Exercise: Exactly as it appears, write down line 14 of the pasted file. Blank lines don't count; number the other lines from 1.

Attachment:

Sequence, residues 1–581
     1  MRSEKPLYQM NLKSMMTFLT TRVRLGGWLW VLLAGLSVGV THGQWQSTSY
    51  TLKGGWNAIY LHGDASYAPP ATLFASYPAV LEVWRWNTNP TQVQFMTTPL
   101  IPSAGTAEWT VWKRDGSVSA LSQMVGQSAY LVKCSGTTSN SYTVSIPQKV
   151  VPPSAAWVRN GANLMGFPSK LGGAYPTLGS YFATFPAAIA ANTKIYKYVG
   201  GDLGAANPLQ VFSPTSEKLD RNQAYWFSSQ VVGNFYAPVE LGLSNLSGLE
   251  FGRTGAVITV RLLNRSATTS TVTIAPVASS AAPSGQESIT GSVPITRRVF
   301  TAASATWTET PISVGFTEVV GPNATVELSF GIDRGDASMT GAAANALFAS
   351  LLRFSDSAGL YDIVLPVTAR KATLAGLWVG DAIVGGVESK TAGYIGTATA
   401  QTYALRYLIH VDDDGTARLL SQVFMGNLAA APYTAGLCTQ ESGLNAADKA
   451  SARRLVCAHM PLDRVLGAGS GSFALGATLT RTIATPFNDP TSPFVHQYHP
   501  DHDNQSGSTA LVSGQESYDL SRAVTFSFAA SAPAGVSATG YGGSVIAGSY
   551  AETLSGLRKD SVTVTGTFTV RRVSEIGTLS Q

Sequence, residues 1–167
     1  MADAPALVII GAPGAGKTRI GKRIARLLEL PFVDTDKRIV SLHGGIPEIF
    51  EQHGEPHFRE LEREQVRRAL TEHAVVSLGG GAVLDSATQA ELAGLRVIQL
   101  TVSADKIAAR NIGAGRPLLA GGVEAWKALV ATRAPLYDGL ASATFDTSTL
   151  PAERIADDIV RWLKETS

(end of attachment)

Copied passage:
Sequence, residues 1–167